Teaching Hub

What It Means to Be LGBTQIA+ at UA

LGBTQ+ History month

October is LGBT History Month. The Safe Zone Ally Training Program is a great way to develop a working knowledge of how to create an appropriate and respectful campus climate. The Teaching Hub asked Spectrum, UA’s registered student group for LGBTQ+ people and their allies at UA, to say something further about what faculty may consider in their teaching practices.

“Being queer (specifically pansexual) on campus has its ups and downs just like everything else in this world. The ups include having a built-in group of friends that can relate, just because of our identities– when I hang out with them, I don’t have to worry about my wording when talking about my girlfriend, I can exist without question. The downs include something that happened when Milo Yiannopoulos came to our campus — the queer community on campus decided not to protest and instead to have a small get together to support each other, but one student decided he still wanted to protest, and showed up at the event with a sign that read, “Milo, I’m gay too. You don’t speak for the entire LGBTQ community.” A picture was taken of him and posted on Twitter, and someone responded to the picture asking for his address so they could “Matthew Sheppard” him. I was filled with cold dread instantaneously. I’ve never been so scared for myself and those around me before, even though we weren’t the ones being directly targeted. I guess what I’m trying to say is that we are a community, regardless of how we identify, which means we feel each other’s happiness and share in each other’s pain and will always be there to support each other, which is how it should be.” — Pansexual Prima donna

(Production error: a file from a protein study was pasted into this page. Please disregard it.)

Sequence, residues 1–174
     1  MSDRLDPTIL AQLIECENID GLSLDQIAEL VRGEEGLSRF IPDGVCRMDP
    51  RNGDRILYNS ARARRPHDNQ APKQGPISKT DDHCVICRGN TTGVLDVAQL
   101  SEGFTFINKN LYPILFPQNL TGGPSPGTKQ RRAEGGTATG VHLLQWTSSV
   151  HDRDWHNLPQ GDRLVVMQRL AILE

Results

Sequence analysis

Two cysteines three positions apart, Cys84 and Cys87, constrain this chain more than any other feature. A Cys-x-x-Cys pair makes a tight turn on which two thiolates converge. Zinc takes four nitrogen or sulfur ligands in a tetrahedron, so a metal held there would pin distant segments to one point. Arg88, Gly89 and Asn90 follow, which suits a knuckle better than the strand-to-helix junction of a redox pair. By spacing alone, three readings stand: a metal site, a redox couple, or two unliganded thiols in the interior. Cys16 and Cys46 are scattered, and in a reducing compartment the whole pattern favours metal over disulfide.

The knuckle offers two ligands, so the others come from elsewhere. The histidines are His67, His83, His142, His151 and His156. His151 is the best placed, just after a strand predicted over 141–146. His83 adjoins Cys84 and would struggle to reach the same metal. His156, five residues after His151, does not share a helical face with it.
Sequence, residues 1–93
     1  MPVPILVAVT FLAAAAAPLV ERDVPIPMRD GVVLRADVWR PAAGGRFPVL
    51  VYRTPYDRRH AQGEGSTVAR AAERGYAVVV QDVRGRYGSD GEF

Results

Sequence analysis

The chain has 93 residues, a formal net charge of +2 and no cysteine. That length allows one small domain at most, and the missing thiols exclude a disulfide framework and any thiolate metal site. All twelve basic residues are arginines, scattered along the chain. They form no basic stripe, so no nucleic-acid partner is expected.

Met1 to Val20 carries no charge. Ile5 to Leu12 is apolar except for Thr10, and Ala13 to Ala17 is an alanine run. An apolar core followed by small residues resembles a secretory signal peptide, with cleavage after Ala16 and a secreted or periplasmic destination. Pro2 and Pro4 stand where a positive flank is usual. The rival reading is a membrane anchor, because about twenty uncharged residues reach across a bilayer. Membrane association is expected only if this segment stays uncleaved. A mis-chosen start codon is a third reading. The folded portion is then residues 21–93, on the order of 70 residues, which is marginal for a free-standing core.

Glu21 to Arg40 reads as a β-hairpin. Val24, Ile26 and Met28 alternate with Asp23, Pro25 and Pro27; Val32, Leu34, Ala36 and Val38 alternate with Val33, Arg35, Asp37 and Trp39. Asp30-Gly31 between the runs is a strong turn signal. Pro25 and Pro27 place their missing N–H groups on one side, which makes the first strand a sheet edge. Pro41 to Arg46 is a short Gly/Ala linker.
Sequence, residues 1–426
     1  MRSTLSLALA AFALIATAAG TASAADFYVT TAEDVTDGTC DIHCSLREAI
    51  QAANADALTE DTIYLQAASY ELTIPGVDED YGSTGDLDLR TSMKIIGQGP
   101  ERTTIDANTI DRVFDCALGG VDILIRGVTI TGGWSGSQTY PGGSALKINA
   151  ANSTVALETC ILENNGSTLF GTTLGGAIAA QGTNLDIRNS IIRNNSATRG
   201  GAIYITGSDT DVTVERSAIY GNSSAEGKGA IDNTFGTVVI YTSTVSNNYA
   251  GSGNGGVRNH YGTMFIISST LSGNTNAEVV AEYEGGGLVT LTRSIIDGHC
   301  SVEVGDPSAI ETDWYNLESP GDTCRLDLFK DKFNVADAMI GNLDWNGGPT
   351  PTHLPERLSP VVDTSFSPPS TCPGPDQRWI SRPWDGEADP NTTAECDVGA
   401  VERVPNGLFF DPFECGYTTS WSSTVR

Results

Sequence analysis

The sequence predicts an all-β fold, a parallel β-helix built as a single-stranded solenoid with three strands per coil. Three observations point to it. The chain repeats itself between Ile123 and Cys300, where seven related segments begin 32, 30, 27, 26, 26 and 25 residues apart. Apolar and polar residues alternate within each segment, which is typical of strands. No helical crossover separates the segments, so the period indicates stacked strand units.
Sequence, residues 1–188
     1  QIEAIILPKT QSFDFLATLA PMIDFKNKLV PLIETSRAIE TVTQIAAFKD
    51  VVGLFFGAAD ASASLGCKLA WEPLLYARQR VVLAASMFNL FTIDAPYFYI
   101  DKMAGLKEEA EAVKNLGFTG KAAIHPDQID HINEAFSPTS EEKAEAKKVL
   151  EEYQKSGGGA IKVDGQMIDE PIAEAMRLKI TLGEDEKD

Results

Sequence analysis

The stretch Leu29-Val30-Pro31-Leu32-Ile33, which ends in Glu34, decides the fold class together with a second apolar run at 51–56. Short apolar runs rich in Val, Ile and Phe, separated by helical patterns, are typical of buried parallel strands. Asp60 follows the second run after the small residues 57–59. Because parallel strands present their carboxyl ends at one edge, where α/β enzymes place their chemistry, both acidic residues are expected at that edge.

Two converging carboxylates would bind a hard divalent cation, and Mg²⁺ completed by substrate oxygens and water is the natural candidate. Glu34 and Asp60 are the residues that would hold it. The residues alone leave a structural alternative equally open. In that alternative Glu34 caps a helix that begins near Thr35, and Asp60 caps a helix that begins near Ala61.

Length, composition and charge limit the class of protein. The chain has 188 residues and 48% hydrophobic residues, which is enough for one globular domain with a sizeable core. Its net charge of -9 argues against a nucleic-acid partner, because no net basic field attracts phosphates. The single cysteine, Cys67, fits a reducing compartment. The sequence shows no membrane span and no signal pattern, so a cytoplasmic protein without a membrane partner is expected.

“Being in the LGBTQ+ community at UA, it has been unfortunately easy to get myself into two different friend groups where people have vastly different perceptions of me as a person. It’s easy to accidentally become good friends with someone who ends up being pretty homophobic, and then consequently having to separate myself from that person or people. There is a lot I like about UA, but I do wish there was more of a culture of acceptance here so that it would be easier to meet new people without worrying about how they feel about my sexual orientation or gender identity.” — Ruby

“I can’t wait for the day when gender isn’t assumed based on how you look, when people think to ask about your pronouns and then would have some sort of understanding if you answer with something other than the two most common sets, when teachers — regardless of their field — think about how they should address their students. What good does allowing students to select their pronouns on myBama do if their instructors don’t pay attention to that or have not been given enough training to even know what pronouns are and why they’re important? The only time I’ve ever tried to breach the topic of my pronouns (I use singular they/them/theirs) with a professor at UA, they replied, ‘Well, just curious why you care. In my long life, I’ve never seen this as an issue.’ No, it has always been an issue and will continue to be an issue until universities start committing to the well-being of all of their students.” — Genderqueer Engineer